The following book review of Evidence of V: A Novel in Fragments, Facts, and Fictions – the book featured for Mary’s Pence March book discussion – is written by Mary’s Pence staff member Christine Lian.
Evidence of V: A Novel in Fragments, Facts, and Fictions provides a fictionalized account of author Sheila O’Connor’s own grandmother, V, as she aspires to become a famous singer in Minneapolis in the 1930s. When V becomes pregnant at 15, she is sent to the Minnesota Home for Girls in Sauk Center, Minnesota, for upwards of 6 years as punishment for her “immorality.”
During the period in her life when she most needs support, V is incarcerated for her sexuality. As readers, we learn that the Minnesota Home for Girls, which sought to “reform” girls by teaching them to be good housewives, actually served more as a prison for victims of sexual abuse, shaming girls and blaming them for the actions of their abusers. Even after they left, many girls were sent to families to work as domestic servants, robbing young women years of their lives.
Pregnant girls who arrived at the Minnesota Home for Girls were forced to put their babies up for adoption, as happens in the book with V’s daughter and who, in real life is O’Connor’s mother. O’Connor and her mother would later use the actual documents from this adoption process to research the unknown V, and use what historical evidence they could find to piece together V’s story.
In her storytelling, O’Connor helps us see how V is made out to be a “sexual criminal” despite being a child herself–a fact that becomes increasingly depressing when one considers how little has changed in the way victims are often treated. Although the story of V happened decades ago, victim blaming is still incredibly prevalent in modern day society. It creates an atmosphere that does not encourage women to speak out about their abuse and it allows their perpetrators to commit sexual and physical crimes without repercussion.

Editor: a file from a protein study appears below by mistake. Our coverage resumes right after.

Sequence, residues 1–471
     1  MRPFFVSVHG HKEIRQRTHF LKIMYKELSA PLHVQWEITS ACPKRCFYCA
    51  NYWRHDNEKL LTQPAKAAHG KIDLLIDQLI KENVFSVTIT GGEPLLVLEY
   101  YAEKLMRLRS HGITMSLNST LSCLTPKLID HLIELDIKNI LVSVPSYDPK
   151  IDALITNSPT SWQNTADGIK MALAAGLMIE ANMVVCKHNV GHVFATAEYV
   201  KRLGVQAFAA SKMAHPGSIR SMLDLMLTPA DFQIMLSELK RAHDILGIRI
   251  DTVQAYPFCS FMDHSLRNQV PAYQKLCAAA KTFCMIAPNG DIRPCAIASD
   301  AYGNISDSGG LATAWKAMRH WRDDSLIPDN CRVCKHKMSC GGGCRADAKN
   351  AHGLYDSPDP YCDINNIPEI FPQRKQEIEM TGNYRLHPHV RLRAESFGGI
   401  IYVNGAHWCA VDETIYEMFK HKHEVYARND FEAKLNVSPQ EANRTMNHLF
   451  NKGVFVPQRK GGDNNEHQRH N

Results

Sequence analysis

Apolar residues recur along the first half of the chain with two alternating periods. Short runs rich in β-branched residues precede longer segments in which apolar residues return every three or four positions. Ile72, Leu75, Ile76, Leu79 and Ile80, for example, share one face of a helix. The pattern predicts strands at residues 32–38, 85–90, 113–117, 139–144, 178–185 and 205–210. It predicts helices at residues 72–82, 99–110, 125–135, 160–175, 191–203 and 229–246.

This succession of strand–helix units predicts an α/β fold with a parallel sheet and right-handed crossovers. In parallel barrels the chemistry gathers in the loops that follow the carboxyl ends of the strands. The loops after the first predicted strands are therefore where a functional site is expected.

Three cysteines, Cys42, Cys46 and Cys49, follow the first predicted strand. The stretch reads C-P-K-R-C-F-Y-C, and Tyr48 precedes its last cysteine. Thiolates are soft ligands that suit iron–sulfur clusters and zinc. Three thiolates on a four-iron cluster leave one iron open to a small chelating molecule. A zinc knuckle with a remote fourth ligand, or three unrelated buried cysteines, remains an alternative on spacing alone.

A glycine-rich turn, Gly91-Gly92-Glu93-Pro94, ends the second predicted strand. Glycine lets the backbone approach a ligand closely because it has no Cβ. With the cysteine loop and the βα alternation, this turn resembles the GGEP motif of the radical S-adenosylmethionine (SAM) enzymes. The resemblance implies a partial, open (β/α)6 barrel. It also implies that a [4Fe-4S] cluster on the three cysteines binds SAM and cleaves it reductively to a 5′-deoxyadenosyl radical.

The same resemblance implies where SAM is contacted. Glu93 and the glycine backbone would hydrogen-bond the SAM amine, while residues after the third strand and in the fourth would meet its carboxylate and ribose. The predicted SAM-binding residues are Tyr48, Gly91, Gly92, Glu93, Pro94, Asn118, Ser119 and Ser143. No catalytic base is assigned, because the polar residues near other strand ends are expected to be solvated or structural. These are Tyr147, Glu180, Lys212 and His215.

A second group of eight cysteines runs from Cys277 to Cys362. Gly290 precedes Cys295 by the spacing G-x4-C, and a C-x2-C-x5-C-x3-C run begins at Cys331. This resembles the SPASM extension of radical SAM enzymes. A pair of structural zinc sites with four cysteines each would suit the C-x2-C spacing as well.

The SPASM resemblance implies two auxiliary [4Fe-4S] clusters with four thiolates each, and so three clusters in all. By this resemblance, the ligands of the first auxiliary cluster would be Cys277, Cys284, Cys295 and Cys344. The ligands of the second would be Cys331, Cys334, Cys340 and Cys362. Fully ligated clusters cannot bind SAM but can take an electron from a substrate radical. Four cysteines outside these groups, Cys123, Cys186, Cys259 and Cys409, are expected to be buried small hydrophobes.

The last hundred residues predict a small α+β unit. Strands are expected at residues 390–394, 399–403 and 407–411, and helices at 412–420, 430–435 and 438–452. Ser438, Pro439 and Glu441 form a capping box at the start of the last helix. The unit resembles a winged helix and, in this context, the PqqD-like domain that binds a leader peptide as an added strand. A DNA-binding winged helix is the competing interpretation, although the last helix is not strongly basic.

For me, it is truly heartbreaking to read about the pain V endured and to know there are countless others like her with stories that will never be told, and that there are similar stories happening today. It is hard to say how many more families there are like O’Connors with this same kind of intergenerational trauma.
As a Minnesotan, it is disturbing to think that this is the dark history of the place I call my home. Evidence of V brings this history to light in a deeply compelling read that I would highly recommend not only to families rooted in Minneapolis, but to anyone wanting to reconsider the narrative around victim blaming and wrongful incarceration.
Join us, as well as Evidence of V author Sheila O’Connor for a discussion of this book on March 11, 2021, at 8pm Eastern/7pm Central. The online event is free to attend, but registration is required. Visit our event page here for more information.